Lack of vinyl bass and midrange

I have a SOTA Star Saphire turntable with ET-2 arm and Monster Alpha Genesis 1000 cartridge that I have reinserted into my system after years of disuse. Problem is the sound is anemic with lack of bass and midrange compared to CD. I have a McCormick Micro phono stage with 100 ohm load. When I last had this turntable in my system it sounded great. Any ideas as to the source of this problem would be greatly appreciated.
It's probably the load. Try a higher value at the phono input.
Another, (unlikely) cultprit is the phono gain. Not enough. But I expect you've already checked that out.
I also wonder about the suspension of the Monster cartridge after all these years. That would probably be my first guess at what your problem is.

Check VTA.
I second Ozzy62. Cartridges will dry out. I'll bet that even a $40 ortofon will sound amazingly better. Your table should be able to "sing" compared to most cd's.
Ditto the suspension. You could try dribbling a drop of Stylast in the inner workings of the cartridge to loosen the suspension, it's worked for me before with no problems. Or try a drop of other rubber revitalizer which others have used successfully. This is if the cartridge is toast and destined for the rubbish heap anyway, if you want to keep it in the long haul then safest would be to send the cartridge somewhere for rebuilding.
Thanks for the responses. I'll try the Stylast. Where would I get it rebuilt?
I think the Stylast will work, dribble only a very small drop into the inner workings, let it sit for a few minutes, then re-mount it and let it play a few records. Both Van den hul and Benz offer rebuilding services, as does Len the Cartridge Man (of Music Maker fame), I believe Benz is the most reasonably priced of these. Lowest price of all with good reports is Expert Stylus Co. in England, but apparently hard to reach, check out Vinyl Engine for info on all of the above.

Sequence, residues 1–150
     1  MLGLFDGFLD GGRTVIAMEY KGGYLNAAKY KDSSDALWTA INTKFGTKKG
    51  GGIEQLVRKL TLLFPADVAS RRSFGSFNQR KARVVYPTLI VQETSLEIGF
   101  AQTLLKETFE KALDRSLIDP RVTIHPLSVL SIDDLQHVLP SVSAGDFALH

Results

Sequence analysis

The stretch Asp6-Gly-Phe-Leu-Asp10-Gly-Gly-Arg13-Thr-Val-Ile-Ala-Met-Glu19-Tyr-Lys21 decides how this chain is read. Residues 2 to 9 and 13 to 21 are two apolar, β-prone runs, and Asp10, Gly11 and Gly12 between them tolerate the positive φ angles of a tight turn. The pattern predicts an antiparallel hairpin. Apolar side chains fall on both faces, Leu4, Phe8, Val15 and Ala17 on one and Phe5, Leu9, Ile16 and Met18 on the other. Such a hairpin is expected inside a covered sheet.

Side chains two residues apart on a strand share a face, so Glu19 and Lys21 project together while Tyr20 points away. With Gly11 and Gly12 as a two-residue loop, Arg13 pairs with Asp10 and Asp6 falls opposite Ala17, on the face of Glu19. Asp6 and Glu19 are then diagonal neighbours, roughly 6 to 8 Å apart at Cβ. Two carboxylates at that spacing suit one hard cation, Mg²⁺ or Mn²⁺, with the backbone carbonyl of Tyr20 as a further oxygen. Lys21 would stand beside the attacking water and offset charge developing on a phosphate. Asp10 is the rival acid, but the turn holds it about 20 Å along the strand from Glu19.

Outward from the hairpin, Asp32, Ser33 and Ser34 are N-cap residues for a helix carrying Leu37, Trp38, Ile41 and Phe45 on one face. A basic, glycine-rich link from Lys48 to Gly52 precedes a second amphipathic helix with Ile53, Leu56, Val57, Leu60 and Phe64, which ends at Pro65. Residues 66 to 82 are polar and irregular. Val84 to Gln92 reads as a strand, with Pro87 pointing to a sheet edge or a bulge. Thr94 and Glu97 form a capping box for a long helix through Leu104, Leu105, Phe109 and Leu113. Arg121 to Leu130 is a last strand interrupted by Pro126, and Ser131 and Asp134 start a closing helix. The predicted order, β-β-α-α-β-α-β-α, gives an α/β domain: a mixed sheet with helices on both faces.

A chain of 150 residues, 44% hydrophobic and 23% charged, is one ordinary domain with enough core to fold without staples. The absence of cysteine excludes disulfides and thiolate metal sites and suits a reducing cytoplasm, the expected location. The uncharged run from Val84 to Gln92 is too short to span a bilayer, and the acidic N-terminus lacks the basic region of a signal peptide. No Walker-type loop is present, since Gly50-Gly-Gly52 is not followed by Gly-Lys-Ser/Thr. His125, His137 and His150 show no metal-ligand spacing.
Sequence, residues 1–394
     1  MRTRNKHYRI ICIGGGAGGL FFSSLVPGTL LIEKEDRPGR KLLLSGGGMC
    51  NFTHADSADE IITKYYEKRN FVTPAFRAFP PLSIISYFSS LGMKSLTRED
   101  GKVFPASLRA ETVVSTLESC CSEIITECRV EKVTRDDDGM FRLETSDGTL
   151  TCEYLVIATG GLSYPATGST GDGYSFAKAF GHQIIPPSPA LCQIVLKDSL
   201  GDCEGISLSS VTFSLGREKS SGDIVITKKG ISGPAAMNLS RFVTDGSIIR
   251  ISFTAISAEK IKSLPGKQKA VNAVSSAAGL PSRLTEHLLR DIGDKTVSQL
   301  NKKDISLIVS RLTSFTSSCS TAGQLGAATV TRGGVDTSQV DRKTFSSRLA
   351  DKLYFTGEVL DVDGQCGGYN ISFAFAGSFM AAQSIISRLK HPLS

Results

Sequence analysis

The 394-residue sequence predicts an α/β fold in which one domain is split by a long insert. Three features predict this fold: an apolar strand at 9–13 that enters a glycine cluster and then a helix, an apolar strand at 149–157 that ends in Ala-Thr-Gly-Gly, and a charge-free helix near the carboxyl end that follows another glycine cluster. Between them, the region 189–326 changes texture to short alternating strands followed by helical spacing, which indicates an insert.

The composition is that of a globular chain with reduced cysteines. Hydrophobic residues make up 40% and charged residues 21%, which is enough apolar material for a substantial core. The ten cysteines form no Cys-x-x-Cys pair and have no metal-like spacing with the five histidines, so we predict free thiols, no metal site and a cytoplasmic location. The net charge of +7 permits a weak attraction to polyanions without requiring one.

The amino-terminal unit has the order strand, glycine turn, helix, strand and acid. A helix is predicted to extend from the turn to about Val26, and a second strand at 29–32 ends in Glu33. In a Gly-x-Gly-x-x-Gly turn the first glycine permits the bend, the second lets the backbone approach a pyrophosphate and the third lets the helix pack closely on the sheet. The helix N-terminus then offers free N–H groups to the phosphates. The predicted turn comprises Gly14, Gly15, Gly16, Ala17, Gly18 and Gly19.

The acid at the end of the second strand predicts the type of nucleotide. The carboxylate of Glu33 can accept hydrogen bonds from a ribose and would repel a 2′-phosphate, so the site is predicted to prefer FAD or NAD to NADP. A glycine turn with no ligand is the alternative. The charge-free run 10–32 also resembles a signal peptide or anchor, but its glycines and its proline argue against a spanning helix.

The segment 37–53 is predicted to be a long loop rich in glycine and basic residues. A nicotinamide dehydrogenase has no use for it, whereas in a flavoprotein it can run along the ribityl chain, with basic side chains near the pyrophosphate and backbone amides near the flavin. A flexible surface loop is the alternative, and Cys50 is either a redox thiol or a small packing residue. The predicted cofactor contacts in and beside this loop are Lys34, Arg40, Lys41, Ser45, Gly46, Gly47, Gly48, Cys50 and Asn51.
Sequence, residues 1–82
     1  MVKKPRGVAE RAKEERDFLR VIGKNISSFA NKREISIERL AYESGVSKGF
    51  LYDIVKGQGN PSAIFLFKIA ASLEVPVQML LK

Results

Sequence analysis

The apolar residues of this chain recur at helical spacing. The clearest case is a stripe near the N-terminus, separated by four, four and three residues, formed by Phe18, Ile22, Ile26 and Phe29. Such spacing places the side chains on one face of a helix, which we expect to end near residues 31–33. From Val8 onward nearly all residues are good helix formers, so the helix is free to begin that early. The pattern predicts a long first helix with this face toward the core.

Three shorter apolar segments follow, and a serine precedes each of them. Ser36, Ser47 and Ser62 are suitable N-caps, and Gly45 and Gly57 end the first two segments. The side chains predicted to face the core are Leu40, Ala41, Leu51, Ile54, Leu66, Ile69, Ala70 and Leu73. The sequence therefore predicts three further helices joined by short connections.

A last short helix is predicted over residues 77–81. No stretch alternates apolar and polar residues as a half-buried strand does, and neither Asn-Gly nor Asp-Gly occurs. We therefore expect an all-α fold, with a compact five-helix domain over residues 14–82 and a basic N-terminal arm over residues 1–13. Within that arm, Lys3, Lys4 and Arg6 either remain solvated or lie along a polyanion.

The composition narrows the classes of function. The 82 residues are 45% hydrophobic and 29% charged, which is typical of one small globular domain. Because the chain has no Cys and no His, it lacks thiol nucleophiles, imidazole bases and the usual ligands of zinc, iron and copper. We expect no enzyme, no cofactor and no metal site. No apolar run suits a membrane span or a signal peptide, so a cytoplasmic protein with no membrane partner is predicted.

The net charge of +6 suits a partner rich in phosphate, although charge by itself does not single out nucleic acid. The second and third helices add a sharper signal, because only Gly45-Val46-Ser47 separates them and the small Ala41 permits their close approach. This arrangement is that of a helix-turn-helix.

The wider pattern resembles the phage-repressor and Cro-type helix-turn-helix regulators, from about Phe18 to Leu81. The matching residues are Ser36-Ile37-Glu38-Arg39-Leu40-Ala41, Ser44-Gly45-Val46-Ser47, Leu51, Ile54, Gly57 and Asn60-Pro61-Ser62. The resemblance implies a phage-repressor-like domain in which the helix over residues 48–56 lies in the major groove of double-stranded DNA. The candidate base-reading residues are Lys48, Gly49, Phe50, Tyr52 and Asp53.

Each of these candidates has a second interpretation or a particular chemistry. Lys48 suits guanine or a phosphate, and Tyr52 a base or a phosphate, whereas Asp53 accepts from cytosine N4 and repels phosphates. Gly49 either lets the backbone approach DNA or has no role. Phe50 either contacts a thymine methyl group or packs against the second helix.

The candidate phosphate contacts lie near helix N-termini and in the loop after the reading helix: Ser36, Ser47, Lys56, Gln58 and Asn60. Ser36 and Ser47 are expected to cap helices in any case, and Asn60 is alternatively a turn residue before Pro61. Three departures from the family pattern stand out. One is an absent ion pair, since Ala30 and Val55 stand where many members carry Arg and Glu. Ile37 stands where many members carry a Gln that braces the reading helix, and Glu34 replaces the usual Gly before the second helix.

1...Verify that pickup wiring is not out of phase between channels.
2...Compare left and right channels (using a mono LP if you have one). If they are the same suspect the pickup. If one channel is bad the RIAA equalization in the preamp might be the problem. (Unlikely that the two circuits could fail the same way). Beg, borrow or steal a different preamp to try out.
3...Play your LP on someone elses system so you know how itsn bass and midrange should sound. Maybe you are just hearing a LP/CD difference.
With a great rig like yours, I think you really owe it to yourself to buy a modern cartridge. Without naming specific models, I'd recommend:

van den Hul

and if you can get the Monster rebuilt for two to three hundred dollars, great! Keep it as a spare. The Stylast solution is a little like using Armorall on old plastic, i.e. you cannot re-polymerize old dried-out rubber/plastic products. You can only temporarily "knit up" the unravelling molecular chains, but they will never give you the original performance, and will come undone again in relatively short time.
I've found that you CAN bring some carts back from the dead. Had some Sonus stylus assemblies in a junk drawer for at least 25 years and tried them on a Sonus body I found on bay. Dead like mackeral. Figured I had nothing to lose by slathering some "Re-Grip," usually used on the rubber parts of a reel-to-reel deck, on the rubber suspensions of the styli. After playing half a dozen LPs, the Sonus really started to sing. Now it has pride-of-place on my Lenco/SME IIIs setup. Good luck, Dave
Ditto Dave's experience: I treated my Kiseki Blue to soem Stylast some 4 years ago when it had the same problem (had been tucked away for a few years) and it's still going strong! The flip side is: Van den Hul anyway refuses to work on cartridges that have been so treated, so if you are thinking of sending it in for a rebuild you might be better off sending it right away before treatment. Again if it is destined for the trash bin anyway then there's nothing to lose.